You’re doing your best. You read articles on “how to be happy”. You try to balance your life. You try to achieve your goals. You try to stay positive. You do all those things, and yet you’re not happy.
You read the news and see all the tragic events happening around the world. You watch romantic comedies to set #relationshipgoals. You follow the rich and famous celebrities on social media. You do all those things, and then you’re unhappy.
Why is it so? Because statistically, you should be happy.
In their book, Age of Discovery, Ian Goldin and Chris Kutarn argue that we are experiencing the best time in human history. Childhood mortality has fallen dramatically. Life expectancy has risen more in the past 50 years than in the previous 1000 years. We face fewer diseases, and when we do get ill, we recover much faster. Global poverty has decreased while our individual lifestyle is much better on average. Technology has made our lives easier, we’re far safer, and we are overly well-fed.
Now you’re wondering… if today is the best time to be alive, why am I not happy?
Enter the G.I. Joe Fallacy. The old G.I. Joe cartoon’s tagline was “Knowing is half the battle”. But the professors at Yale University, Laurie Santos and Tamar Gendler claim that knowing is not half the battle.
We’re not good at predicting what will make us happy. We assume that the next promotion, a bigger house, a new car or a soul mate will finally make us happy.
Sonja Lyubomirsky, the author of the book The How of Happiness, proposes the following distribution of what determines our happiness:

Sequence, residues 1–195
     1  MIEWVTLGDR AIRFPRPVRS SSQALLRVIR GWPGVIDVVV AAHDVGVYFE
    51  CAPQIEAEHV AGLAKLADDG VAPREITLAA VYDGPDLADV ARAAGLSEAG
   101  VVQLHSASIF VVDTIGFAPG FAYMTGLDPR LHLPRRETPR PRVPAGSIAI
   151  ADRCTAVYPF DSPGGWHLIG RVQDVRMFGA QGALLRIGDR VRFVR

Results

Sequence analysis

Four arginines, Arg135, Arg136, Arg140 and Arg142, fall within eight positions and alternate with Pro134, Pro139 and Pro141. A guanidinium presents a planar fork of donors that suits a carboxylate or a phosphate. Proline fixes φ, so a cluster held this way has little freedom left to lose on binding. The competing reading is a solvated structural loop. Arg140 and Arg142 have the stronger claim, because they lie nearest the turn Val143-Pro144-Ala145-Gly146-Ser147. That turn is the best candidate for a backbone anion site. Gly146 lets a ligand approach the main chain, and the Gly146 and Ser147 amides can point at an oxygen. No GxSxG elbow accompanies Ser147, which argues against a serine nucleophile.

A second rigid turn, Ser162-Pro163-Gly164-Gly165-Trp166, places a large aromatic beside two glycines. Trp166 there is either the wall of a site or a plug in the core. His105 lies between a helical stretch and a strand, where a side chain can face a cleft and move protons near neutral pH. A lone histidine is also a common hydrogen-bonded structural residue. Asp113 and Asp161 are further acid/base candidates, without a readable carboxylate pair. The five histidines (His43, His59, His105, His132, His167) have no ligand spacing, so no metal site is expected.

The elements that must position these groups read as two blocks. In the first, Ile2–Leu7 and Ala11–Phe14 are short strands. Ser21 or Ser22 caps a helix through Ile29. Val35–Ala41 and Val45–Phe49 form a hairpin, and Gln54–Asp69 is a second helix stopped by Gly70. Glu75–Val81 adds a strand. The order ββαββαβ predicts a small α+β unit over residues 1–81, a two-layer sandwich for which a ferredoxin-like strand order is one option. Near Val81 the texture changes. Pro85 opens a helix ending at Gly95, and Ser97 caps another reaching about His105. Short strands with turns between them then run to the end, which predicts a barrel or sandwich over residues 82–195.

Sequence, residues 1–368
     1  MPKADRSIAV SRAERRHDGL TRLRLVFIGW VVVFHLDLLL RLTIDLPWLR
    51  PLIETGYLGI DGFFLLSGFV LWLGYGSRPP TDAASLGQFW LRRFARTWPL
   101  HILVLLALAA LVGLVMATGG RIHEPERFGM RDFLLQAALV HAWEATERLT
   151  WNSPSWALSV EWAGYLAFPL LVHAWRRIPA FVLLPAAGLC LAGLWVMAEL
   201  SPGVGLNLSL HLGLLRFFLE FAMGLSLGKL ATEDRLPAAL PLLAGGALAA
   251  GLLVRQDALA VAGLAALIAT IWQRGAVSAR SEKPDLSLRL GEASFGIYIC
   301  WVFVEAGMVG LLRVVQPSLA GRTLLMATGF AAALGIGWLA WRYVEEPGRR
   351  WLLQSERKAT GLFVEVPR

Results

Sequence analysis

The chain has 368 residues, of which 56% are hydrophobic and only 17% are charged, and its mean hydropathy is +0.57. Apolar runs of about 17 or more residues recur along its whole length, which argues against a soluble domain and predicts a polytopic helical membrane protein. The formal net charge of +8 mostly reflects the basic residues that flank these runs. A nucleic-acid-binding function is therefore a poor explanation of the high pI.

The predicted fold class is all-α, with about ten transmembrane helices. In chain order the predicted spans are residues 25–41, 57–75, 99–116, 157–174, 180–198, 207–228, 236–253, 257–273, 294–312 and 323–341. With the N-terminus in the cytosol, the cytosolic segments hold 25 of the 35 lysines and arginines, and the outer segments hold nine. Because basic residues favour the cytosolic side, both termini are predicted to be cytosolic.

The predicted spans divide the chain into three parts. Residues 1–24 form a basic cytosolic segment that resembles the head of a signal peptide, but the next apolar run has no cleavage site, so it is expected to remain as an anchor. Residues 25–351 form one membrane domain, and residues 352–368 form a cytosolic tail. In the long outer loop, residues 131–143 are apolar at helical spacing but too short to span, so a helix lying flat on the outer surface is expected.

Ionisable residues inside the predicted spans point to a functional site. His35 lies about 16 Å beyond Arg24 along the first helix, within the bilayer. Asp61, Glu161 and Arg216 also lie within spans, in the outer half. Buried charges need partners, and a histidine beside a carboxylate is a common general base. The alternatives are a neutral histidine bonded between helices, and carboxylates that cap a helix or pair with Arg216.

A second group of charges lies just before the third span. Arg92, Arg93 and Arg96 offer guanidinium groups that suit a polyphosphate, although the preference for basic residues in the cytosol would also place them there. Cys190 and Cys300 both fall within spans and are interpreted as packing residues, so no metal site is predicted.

- 50% genes;
- 10% life circumstances (surprise!);
- 40% life choices and behaviors (i.e. your thoughts, actions, and attitudes).
Genes are not under your control, so let’s take that out of the equation.
As long as your basic needs are met, external circumstances won’t make affect your happiness much. Yet, most people try to become happier by changing their life circumstances.
New circumstances may boost or diminish your happiness in the short-term. But then you’ll return to your baseline level of happiness because of hedonic adaptation.
The Brutal Truth Behind Why You’re Unhappy
You may have heard of the studies that tell you how much money you need to improve life satisfaction and happiness. What those studies fail to consider is that the amount of money could be correlated to happiness, but it doesn’t mean it’s the causation.
You could make much more money and be happier, and you could also make less money and be happier.
Besides, they don’t even consider that how you make money is a major contributing factor. If one makes that money by selling all their life, sacrificing their health and burning their relationships, good luck trying to be happy.
Happiness is complex. There aren’t just a few factors that will determine the level of your happiness. Happiness is like a recipe that needs the right ingredients and the right process. Some ingredients may be universal, while other ingredients would be personalized to you.
The problem arises when you rely on others to spoon-feed happiness to you when you don’t even know what they are feeding you. Just like anything, you must take responsibility for your own happiness.